Traveling Samaritans help Portland community cleanup following tornado

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PORTLAND, Mich. -- Dayna Gustafson said she was on the phone telling her son to drive safely because of the impending storm. Moments after that conversation, she said the weather turned bad and heavy rains and high winds swept in.

“I knew it was a tornado and just ran to the basement," Gustafson said.

She explained, “I maybe spent 30 seconds in the basement and when I came up, this is what you saw.”

Trees and tree branches were scattered everywhere in her yard. Mud is on the outside walls and pillars of her home on Warren Street. The National Weather Service confirmed an EF-1 tornado had touched down.

“My yard was demolished,” she described.

The white church on the corner was destroyed. Gustafson said she's lived in Portland all of her life and this the first time she’s been through a storm of this magnitude. But dealing with the tornado’s aftermath has been bearable considering she has many helping hands.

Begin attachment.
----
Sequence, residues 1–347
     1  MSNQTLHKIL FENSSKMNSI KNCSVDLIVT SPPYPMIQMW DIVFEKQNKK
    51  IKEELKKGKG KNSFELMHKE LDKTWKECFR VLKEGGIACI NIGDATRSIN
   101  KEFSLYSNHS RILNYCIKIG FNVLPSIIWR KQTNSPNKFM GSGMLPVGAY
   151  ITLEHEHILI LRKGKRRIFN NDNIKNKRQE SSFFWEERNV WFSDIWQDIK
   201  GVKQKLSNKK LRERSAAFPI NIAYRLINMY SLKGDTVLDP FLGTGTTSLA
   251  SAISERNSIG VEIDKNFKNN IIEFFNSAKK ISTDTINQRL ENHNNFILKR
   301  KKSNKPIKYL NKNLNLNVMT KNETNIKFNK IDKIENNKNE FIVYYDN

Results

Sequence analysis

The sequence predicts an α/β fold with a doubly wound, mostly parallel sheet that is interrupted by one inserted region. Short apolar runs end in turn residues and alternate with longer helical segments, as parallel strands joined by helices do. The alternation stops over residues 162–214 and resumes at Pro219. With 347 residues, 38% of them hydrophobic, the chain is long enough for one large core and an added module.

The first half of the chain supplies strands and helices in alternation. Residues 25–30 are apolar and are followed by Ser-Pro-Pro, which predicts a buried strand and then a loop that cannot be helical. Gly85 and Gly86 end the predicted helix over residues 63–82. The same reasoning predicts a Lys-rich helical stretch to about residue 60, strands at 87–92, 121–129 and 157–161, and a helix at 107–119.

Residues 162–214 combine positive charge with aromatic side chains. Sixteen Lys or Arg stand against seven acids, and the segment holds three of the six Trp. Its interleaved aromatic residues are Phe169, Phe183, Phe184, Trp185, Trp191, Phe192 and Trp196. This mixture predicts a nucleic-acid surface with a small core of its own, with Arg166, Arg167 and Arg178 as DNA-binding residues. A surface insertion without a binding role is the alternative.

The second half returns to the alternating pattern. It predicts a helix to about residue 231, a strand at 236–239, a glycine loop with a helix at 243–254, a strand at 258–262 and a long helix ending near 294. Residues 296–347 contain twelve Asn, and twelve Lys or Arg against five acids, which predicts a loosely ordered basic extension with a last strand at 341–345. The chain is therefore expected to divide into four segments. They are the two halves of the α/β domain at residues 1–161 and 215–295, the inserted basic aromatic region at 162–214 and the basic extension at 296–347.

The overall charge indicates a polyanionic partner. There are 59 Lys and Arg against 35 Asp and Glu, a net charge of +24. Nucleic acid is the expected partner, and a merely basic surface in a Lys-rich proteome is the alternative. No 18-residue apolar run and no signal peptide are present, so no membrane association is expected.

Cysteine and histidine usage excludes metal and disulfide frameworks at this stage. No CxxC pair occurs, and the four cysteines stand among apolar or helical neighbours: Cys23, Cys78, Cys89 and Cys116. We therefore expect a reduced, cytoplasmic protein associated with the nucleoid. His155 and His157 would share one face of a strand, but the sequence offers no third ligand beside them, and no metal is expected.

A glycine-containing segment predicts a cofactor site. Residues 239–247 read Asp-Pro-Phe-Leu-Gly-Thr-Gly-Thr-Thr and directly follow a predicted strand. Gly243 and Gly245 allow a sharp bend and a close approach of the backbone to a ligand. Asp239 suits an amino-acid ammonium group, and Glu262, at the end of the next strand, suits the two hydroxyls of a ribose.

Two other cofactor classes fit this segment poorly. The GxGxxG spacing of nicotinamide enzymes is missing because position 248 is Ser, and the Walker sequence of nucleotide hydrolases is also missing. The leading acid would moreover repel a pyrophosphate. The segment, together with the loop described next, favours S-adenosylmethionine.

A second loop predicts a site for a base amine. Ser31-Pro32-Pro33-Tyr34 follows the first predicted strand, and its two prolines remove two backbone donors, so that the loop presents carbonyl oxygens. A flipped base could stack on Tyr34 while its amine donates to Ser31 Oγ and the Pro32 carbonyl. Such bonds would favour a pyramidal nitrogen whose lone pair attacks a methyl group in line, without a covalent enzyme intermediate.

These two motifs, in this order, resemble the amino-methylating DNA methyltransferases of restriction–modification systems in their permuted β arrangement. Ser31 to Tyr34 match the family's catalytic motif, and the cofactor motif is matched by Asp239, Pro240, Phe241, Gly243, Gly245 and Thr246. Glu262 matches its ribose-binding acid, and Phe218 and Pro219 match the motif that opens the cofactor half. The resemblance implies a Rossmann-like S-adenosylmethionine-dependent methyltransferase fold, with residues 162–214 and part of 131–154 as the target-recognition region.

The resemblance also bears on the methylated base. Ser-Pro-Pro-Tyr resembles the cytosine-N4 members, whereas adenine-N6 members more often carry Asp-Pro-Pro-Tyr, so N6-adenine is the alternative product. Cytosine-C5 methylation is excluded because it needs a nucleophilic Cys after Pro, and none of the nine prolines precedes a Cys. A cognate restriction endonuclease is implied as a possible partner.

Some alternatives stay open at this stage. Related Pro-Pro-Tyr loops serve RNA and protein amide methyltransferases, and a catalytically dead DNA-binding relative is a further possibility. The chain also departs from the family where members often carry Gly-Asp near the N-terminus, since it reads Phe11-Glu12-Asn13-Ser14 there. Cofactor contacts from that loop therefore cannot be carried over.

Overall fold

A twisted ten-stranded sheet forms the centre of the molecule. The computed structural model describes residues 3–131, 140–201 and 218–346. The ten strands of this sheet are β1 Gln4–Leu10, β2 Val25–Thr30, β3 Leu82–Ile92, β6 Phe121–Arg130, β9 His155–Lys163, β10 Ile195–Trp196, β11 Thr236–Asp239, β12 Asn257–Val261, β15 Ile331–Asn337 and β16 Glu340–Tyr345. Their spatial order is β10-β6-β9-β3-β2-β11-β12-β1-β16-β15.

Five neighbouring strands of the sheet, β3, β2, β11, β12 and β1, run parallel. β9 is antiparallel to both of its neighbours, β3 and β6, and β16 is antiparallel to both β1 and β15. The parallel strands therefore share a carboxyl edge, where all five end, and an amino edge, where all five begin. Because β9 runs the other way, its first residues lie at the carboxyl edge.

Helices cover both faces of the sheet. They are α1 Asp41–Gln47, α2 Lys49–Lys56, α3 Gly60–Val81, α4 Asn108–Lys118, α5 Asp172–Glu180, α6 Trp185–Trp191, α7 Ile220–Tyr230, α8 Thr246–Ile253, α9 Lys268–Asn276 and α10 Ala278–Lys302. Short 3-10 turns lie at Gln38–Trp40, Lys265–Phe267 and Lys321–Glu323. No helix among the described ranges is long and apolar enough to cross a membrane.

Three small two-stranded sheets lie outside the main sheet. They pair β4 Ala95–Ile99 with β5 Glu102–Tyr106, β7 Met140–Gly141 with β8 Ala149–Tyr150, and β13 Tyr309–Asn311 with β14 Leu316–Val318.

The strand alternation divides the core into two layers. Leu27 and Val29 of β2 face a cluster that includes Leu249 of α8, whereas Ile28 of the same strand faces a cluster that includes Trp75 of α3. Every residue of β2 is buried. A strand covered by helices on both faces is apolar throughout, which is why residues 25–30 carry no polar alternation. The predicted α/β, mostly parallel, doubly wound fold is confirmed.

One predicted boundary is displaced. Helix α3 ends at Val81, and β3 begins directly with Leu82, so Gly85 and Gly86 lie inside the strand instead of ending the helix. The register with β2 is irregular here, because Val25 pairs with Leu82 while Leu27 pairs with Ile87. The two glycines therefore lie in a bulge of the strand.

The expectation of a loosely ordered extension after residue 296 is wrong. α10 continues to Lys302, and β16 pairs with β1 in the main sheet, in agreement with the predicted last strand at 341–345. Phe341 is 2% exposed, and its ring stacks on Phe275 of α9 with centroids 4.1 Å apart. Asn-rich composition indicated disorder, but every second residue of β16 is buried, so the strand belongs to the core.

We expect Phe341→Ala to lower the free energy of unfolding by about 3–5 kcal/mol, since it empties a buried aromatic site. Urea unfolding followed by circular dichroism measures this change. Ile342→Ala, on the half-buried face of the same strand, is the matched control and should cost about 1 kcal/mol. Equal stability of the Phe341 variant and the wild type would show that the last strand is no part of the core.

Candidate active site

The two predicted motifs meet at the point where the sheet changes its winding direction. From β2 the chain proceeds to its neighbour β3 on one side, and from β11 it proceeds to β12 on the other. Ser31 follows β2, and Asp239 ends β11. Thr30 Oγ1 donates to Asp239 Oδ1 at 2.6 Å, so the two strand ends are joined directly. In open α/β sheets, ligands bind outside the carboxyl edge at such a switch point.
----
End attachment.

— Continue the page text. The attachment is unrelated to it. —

Neighbors along with a group of 16 students from Chicago put their energy towards returning Warren Street to pre-tornado conditions. It was to Gustafson's surprise.

“Amazing, amazing what they’re doing. Cleaning this up," she said.

Father Nathan Caswell said, "I've never had so many people offer me water in one day. Haha. It's really great."

Seeing the damaged churches on the corner hits home with Caswell. He's here all the way from Chicago and said he and the group of boys happen to be staying at a farm near Paw Paw.

“We just heard it on the evening news yesterday, and one of the kids said, ‘We should go help them,’" Caswell recalled.

He added, "We were out on the farm working, I was like, ‘Yea.' It was hard to argue with that [because] we love it when they take initiative, and they do good stuff. So we got in the vans this morning and just came up.”

While the boys did a good deed and helped out in a time of need. Caswell said he's taking away a lesson he's learned about the city of Portland.

“It’s good to see when we’re out here, that there’s so many people from the town... united and everyone has such a positive spirit here, and it’s so worth it to come here," Caswell told FOX 17.

Tutt Gorman, Portland's city manager, said homeowners who need assistance will be able to check in with the Portland Community Fund for help.

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